City Spotlight

By Lee Hurley
Photo by Neal Wagner

“If you contact City Hall and you get me, I’m going to do everything within my power to assist you, whether it’s regarding information within my department or not. If I don’t have the answer, I will find out the answer and get back to you.” Lisa Glasgow

“No job is perfect, but as the old saying goes, ‘Do what you’ll love, and you’ll never work another day in your life.’”  J. Mark Frey


When it comes to describing Alabaster’s City Clerk and Deputy City C lerk, it’s hard to top the City’s description: “Serving as the local intelligence center, the Clerk’s Office has been referred to as ‘the hub of local government.’”  Alabaster City Unlimited:

Going straight to the source we asked Mark Frey and Lisa Glasgow to help us better understand their roles in Alabaster’s municipal government as well as a few questions to get to know them a little better.

City Clerk J. Mark Frey grew up on Logan Martin Lake and graduated from Coosa Valley Academy in 1992. Prior to being appointed City Clerk in November 2018, Frey was a City Clerk in Columbiana for five years and prior to that he was a small business owner for 19 years. Running a chain of wireless stores helped him understand everything from managing a budget, inventory, and employees to dealing with taxes and customer service. As Frey says, “When you work for yourself—every customer that walks in the door is your boss.” Frey has been married to his wife Mandy for 21 years, and they have two boys, Nate and Carson. After Frey was appointed as Alabaster’s City Clerk in 2018, he purchased a home about a mile from City Hall.

Deputy City Clerk Lisa Glasgow grew up in Lakeview in Tuscaloosa County. She studied Business Administration and Office Management at Bessemer Technical. She has dealt with the public her entire career, as a cosmetologist, a member services representative at a bank, a temporary staffing recruiter, restaurant owner, and a communications dispatcher. This variety of experience helped prepare Glasgow to work for Alabaster helping others. She has been with the city for 20 years and in her current position as Deputy Clerk for seven.

If you are on an elevator going down three floors, how would you tell someone what a city clerk does?

MF: Well the running joke is, “My job is to keep the Mayor and Council from wearing orange!” We prefer our Mayor and Council to be “free range.”

LG: The city clerk serves as the liaison between the city council and the public, communicating with management, government officials, and staff.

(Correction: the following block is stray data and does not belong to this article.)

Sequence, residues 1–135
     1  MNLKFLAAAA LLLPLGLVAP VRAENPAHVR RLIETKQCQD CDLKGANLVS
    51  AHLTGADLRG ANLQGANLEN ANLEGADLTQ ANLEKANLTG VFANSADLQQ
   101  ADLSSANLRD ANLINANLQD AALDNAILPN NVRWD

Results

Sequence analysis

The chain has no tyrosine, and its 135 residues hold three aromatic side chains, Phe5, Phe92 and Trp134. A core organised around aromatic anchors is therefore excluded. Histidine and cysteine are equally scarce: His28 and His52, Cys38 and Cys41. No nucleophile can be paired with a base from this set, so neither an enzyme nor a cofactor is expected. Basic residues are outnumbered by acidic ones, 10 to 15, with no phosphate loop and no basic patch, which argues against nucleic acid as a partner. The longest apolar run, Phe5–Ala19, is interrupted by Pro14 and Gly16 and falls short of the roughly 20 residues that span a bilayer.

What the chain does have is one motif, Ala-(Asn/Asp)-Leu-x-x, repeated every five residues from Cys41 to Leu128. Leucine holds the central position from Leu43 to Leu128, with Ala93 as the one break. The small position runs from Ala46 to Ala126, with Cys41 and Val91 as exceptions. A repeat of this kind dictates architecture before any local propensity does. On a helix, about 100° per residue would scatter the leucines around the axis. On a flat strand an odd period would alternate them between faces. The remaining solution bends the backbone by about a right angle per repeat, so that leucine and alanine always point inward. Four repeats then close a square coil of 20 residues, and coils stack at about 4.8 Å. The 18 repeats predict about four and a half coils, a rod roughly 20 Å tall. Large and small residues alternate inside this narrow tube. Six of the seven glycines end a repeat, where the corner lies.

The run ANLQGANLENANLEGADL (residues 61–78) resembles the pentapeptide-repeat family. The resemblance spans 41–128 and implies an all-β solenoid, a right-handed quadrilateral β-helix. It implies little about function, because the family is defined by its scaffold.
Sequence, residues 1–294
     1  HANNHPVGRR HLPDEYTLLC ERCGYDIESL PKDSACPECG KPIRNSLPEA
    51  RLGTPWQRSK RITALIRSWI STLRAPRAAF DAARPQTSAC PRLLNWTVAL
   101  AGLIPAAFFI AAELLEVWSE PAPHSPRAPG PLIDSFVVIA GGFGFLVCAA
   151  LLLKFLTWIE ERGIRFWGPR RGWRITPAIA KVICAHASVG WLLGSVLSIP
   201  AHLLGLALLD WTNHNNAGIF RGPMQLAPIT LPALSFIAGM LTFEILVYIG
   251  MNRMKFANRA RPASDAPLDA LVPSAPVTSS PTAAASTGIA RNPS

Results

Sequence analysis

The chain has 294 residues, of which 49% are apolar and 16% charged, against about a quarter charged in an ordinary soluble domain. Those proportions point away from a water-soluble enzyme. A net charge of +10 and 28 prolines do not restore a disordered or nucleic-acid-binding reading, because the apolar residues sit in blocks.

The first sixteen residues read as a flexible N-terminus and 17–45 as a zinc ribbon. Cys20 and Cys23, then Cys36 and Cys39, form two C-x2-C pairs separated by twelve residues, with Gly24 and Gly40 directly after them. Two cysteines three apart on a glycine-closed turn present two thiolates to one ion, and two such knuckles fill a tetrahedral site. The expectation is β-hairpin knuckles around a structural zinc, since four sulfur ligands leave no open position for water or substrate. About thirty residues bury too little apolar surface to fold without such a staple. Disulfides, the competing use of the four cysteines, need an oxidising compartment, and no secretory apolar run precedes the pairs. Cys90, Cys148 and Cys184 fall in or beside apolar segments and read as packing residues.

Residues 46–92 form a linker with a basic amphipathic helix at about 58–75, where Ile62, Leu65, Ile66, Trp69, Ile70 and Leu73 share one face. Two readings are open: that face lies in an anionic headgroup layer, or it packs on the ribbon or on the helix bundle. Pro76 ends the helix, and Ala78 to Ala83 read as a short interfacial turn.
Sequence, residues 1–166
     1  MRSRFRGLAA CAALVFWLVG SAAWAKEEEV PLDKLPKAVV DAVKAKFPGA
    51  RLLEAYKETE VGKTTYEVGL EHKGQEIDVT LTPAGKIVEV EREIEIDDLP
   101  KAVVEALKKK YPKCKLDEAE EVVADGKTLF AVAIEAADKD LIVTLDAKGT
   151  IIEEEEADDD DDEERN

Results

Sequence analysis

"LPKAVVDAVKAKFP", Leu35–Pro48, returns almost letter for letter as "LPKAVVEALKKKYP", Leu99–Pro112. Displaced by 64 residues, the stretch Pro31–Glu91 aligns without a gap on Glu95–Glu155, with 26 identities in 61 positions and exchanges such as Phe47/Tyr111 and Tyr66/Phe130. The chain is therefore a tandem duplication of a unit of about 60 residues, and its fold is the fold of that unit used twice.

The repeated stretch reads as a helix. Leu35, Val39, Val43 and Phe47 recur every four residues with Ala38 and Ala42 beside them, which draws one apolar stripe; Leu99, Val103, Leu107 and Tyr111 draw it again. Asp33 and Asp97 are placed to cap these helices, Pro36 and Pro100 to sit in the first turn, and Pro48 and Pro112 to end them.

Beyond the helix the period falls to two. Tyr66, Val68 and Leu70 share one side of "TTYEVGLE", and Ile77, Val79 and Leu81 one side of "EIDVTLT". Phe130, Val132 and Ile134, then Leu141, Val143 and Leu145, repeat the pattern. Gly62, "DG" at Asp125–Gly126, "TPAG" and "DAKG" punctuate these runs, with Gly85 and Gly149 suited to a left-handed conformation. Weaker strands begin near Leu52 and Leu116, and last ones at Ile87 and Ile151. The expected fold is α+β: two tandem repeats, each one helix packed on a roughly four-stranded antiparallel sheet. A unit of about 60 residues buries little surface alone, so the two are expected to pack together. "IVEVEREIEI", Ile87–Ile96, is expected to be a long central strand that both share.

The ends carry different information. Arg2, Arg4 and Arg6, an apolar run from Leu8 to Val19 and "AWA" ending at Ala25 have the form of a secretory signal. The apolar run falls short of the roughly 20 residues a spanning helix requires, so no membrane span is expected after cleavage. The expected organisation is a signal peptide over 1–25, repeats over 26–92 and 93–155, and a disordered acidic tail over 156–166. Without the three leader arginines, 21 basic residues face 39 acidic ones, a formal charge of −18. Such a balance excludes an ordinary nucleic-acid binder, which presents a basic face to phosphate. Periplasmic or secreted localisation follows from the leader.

Just reading about the duties of a city clerk sounds stressful!!

MF: Like any job out there—there are days that can be stressful, but that isn’t the norm. Honestly, I can’t wait to get here every day, and I feel like God put me in this position.

LG: There can be stressful moments with any position, but I would say the stress is minimal in this position.

It says somewhere that the Clerk’s office handles all claims and demands against the city. What does that mean?

MF: The Clerk’s office is really the hub of local government. I connect the elected officials with the citizens and coordinate much of the “business” of the City. I help coordinate with outside agencies and companies to make sure that the city is compliant with all state and federal laws.

LG: We are the connecting link for much of the City with the Council and Mayor.

Can you give us a few things that you do in your daily work?

MF: Every day is different, but typically I respond to public records requests, review agreements, prepare all documents for the Mayor and Council, advertise meetings and bid opportunities, and keep minutes of Council and Committee meetings.

LG: I process administrative invoices and purchases; order printed products for most departments such as business cards, letterhead, envelopes, forms, banners, etc.; assist departments with research; expedite ordinances to online Municode; and record necessary ordinances with the Shelby County Probate Office; create and keep hard copy and digital files; assist the public via telephone and in person; schedule meetings via digital calendar; order needed office supplies; assist with Teen Council event planning and preparation; assist and attend ribbon cuttings for new businesses; and assist City Council with events and information.

Who do you report to and communicate with the most each day?

MF: I’m appointed by the City Council. I report to Brian Binzer, our City Administrator and the Mayor. Most of my communications are with department heads and citizens of Alabaster.

LG: I report to Mark but communicate with all of the Administration, Finance Department, Planning & Zoning Administrator, and many other employees.

What records/rules/ordnances would you say most people contact you about?

MF: The Clerk’s Office receives Requests for Public Records almost daily. Most of these are to confirm if there are any outstanding permits or existing code violations associated with property that is being sold. All of the local laws (ordinances) are published on our website. We strive to be very transparent in everything that we do. All of our minutes and ordinances are published on our website within a day or two of the Council Meetings.

LG: I would say the city as a whole probably gets inquiries most on zoning. We have our City Code online, so many times it’s just explaining to someone where to find information and directing them to the proper department that can assist with zoning questions.

Are you involved in Alabaster elections? If so, how?

MF: The City Clerk is the Election Official for all municipal elections. This process is quite involved and is really accomplished with a tremendous amount of work by the Deputy Clerk and poll workers. Our next election is scheduled for 2025, and we will begin working to prepare for that project at least a year in advance.

LG: Yes, we actually recruit several Alabaster employees to assist with the election process. I am involved in securing the voting location, recruiting poll workers, and making sure they are trained, planning food for the election workers, making sure the poll workers are sworn in for the day, assist with setting up the voting locations, and on election day, I’m at polling places to help with whatever is needed. It takes many people to pull off an election, and everyone comes together to make this happen for the citizens of Alabaster.